Spaniards just elected a socialist prime minister. Except they didn't. So sayeth Chris Suellentrop in Slate.

[I]t says something about the state of small-"s" socialism—in addition to the state of the world—that conservatives are attacking Zapatero for his response to terrorism, not his attitude toward capitalism.

Granted, the war in Iraq and the war against al-Qaida are the whole reason the world has been watching Spain so closely for the past week. But there's another reason for the conservative silence about Zapatero's economics: The socialist debate over what to do about capitalism—and the proletariat, and the theory of surplus value, and the ownership of the means of production—is largely over in Europe. If the old libel against American liberals is that they're socialists, the new European libel against socialists is that they're liberals—classical ones. Here are some of the economic promises on which Zapatero's Socialist Workers Party campaigned: lowering the corporate tax rate from 35 percent to 30 percent, cutting income taxes, and reducing the value-added tax. Oh, and they're going to balance the budget and control inflation. The man expected to be the Socialist finance minister, Miguel Sebastian, is a U.S.-educated economist with a Ph.D. from the University of Minnesota. He's promising to put his faith in the Invisible Hand. "There will be a strict separation between politics and business," he told the Financial Times. "We will be a market-friendly government." These are socialists?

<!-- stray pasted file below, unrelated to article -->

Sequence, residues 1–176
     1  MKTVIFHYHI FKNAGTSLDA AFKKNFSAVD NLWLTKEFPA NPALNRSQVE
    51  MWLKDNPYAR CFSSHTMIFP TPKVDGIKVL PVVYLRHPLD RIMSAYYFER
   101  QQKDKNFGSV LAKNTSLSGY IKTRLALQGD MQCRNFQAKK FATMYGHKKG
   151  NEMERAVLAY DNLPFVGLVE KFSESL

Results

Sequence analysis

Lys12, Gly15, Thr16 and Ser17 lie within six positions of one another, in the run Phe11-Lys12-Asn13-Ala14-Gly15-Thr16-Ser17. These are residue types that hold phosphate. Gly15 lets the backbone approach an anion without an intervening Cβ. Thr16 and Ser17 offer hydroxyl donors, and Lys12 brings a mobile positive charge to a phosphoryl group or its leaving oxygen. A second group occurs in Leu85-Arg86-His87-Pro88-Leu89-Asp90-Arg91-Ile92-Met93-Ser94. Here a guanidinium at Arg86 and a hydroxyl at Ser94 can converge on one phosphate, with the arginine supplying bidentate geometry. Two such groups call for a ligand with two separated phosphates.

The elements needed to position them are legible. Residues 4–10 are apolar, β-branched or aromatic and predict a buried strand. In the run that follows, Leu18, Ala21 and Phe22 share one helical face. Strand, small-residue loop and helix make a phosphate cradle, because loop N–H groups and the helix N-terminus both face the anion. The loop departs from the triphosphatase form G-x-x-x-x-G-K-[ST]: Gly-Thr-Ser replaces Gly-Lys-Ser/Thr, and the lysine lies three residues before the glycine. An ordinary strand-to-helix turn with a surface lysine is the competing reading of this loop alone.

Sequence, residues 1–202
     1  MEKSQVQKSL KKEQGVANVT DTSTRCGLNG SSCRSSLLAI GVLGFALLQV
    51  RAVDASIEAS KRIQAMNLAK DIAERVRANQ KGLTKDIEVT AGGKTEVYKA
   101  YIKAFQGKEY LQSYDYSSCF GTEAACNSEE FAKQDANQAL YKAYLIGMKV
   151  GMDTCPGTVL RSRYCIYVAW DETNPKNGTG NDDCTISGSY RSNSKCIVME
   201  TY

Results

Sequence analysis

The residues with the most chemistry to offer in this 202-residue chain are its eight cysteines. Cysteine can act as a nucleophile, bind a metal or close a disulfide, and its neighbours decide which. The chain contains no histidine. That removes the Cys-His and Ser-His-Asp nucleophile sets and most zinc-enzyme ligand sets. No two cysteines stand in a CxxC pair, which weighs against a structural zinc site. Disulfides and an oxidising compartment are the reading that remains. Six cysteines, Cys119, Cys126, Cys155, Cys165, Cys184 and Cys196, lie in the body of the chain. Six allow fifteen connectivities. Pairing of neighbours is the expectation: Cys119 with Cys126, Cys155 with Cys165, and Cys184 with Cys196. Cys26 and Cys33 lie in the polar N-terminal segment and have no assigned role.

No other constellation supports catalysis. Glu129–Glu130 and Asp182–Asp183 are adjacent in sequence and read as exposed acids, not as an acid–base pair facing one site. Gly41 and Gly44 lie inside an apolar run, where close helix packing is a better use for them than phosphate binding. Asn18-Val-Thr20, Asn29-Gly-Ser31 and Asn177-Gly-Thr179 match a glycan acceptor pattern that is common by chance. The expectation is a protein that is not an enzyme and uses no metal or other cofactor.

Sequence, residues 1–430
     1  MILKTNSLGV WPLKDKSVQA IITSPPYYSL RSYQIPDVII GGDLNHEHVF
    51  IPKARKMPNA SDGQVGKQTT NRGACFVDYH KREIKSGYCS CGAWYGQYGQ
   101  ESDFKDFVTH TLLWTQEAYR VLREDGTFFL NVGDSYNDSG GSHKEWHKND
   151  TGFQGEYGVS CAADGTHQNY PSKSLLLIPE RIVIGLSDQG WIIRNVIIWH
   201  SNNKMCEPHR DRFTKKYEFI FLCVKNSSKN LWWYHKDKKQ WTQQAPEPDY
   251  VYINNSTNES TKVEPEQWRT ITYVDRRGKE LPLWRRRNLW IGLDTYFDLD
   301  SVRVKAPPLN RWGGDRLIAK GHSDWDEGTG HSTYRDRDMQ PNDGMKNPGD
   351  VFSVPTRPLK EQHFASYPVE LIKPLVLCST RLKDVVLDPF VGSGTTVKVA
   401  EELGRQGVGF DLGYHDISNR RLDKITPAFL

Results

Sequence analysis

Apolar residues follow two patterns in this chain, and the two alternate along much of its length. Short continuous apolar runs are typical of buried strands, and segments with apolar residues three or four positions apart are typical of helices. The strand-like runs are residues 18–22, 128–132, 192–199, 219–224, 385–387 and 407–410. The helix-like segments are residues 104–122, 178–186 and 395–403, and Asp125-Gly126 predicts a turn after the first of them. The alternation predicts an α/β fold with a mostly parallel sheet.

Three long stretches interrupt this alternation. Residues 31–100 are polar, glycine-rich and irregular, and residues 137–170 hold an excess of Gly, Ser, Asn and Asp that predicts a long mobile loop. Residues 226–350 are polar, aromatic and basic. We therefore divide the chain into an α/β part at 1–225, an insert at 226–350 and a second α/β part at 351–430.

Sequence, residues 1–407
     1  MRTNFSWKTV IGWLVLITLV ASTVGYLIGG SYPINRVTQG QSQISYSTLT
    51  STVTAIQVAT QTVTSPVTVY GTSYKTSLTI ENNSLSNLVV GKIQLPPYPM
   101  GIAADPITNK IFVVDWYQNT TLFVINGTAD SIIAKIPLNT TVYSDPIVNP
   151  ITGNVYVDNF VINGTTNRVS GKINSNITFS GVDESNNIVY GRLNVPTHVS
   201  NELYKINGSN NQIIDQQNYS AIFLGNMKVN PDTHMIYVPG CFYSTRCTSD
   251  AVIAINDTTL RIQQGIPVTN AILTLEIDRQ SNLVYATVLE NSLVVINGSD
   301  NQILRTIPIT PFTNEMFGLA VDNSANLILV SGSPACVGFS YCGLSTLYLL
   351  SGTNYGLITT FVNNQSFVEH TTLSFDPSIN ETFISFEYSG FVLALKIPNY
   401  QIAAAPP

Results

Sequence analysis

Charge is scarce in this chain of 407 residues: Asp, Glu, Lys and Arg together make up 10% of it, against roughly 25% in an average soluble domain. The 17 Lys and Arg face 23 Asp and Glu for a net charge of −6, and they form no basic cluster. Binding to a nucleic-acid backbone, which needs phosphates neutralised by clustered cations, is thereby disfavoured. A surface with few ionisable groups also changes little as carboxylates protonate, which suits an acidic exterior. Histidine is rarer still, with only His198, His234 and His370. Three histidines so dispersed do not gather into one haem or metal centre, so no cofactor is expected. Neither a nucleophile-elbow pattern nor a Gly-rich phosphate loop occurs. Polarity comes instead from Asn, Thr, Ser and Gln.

Nope. They aren't socialists. They just kept the brand name.

Posted by Michael J. Totten at 12:44 AM | Permalink | Comments Off
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Winner, The 2008 Weblog Awards, Best Middle East or Africa Blog

Winner, The 2007 Weblog Awards, Best Middle East or Africa Blog